Education for Refugees Children
Education is one of the fundamental rights for everyone. All children anywhere in the world and under all circumstances have the right to learn.
The ongoing wars and conflicts worldwide have left millions of children and young adults unable to attend school.
Although “Education is a basic human right, as outlined in the 1989 Convention on the Rights of the Child and the 1951 Refugee Convention” has stated, nevertheless; there is only 61% of refugee children, and youth were enrolled in primary school, only 23% in secondary school, and just 1% in tertiary education. And this is in 2017. Now numbers have changed for the worse.
Over 10 million children and young adults are left with no education or learning skills. And suppose we as a society, charities, organizations or any other parties did not give refugee children the opportunity to develop their skills and knowledge. In that case, it doesn’t only mean that we have let them down, but we have failed ourselves as well.
Educating refugee children is not for their own good only; it is an investment we all need to take now; otherwise, we will pay the price later in the near future for a generation of children who are “unable to live independently nor healthy” to contribute fully to their communities later on.
Education is the key to solving millions of problems to come that will affect all our societies. It is crucial to move now and put some pressure on the educational process’ wheels, so we can increase the funding for the educational projects for refugees and decrease the exceeding numbers of children with no access to education.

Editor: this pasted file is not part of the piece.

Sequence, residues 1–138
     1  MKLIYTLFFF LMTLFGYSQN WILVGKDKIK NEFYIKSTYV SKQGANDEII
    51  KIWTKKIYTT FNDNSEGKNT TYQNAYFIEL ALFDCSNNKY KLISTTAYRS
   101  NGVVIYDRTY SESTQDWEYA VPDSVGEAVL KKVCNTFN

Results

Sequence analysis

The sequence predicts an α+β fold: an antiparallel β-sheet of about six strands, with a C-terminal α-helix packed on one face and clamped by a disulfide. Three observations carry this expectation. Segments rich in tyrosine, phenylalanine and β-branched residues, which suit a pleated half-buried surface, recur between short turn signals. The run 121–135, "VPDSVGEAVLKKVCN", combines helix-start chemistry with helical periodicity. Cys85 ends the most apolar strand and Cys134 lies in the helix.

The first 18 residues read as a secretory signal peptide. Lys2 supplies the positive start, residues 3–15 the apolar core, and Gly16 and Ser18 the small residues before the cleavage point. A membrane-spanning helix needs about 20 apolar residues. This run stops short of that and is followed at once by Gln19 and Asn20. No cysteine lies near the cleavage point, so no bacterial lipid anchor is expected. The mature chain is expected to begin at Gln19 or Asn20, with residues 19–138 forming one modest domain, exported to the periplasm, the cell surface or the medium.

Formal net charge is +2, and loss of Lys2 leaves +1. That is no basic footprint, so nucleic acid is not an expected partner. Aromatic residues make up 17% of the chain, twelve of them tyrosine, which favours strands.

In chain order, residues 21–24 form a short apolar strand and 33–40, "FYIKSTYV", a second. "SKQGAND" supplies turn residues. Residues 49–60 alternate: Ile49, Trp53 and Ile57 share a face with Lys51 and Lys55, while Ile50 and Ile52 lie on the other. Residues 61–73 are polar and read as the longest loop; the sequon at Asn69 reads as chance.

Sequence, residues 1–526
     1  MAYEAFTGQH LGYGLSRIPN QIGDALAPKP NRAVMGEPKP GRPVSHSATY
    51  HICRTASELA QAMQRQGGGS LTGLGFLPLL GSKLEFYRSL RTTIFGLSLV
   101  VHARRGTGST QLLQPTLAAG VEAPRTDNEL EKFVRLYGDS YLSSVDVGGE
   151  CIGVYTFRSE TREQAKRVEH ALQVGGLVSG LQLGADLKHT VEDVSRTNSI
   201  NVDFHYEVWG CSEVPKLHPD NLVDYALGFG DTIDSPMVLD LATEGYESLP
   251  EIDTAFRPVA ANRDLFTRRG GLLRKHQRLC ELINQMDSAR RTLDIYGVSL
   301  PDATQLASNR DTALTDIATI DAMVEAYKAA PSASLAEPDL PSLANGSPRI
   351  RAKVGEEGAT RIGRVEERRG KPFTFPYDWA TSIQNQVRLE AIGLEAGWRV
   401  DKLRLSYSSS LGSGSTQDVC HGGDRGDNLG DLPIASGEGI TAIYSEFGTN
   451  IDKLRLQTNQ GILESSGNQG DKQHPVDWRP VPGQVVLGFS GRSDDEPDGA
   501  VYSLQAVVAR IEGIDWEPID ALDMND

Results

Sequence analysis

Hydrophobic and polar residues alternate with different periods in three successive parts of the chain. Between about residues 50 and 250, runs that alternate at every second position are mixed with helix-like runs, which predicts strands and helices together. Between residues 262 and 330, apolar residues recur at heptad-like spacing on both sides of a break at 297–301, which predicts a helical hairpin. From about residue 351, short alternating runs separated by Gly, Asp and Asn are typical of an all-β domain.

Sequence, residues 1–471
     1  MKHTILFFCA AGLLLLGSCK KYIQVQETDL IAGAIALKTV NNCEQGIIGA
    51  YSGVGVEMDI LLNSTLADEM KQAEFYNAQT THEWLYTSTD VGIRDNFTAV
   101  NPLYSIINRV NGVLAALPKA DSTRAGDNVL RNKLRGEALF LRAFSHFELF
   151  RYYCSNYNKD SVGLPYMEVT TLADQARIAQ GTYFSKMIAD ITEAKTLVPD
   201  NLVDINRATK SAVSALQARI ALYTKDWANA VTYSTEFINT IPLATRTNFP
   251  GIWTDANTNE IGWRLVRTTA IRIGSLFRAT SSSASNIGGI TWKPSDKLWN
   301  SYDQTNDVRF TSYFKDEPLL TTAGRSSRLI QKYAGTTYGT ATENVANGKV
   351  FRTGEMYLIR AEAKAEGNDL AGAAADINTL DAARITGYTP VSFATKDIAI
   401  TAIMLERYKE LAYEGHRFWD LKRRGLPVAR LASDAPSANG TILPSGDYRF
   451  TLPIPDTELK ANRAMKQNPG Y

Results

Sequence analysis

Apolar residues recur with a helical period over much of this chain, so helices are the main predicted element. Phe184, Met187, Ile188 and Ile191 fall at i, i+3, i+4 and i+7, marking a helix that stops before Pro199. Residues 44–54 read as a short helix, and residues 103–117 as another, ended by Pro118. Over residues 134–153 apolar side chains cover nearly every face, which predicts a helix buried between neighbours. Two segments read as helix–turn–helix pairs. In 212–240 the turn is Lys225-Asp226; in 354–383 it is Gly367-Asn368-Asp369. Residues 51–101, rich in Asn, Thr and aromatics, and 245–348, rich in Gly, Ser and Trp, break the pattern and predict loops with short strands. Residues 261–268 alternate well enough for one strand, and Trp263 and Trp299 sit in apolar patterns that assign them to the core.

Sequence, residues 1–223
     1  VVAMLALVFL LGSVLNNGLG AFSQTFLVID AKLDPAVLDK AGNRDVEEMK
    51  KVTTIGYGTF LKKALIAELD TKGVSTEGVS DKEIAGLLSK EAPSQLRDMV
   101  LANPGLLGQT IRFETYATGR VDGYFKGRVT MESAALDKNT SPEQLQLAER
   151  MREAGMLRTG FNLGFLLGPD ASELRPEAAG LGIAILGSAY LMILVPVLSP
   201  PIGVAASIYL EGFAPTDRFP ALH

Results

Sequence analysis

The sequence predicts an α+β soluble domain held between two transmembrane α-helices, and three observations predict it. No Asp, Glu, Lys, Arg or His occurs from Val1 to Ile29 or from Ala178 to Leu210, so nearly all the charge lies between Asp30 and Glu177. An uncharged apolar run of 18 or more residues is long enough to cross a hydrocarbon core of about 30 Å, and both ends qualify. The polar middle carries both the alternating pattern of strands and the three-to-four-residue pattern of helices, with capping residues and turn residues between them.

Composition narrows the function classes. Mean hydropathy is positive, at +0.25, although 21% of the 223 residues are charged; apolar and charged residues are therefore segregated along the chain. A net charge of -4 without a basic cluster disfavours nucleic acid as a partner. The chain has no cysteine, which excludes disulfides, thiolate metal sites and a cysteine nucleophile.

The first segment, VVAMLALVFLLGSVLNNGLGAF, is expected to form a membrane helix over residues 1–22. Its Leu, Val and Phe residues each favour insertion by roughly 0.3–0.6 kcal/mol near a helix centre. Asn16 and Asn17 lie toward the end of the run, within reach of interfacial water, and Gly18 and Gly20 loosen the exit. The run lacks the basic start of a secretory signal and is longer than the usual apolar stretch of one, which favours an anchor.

Remember, The Children of Today are The Leading Generation of Our Future.
Goals for Refugees Educational Projects
As it is well-known, “Knowledge is Power.” Therefore, we are doing our best to increase the awareness of Educational Projects for Refugee children.
The educational project for the refugee children has essential goals to reach; maintaining a natural environment where children can learn, live and interact with people and circumstances around them is one of the main goals we’re trying to achieve.
Children and young adults who have no access to schools and education are the most vulnerable to being exposed to all kinds of risks.
By providing educational projects for refugee children, we will be able to achieve the following through education;
- Reduce risks of forced recruitment, child labor, sexual exploitation, and child marriage, among others.
- Education provides a safe place for refugee children and youth to learn and connect meaningfully with peers within the normal routine of a classroom.
- Education strengthens community resilience and equips learners with knowledge and skills to find long-term solutions.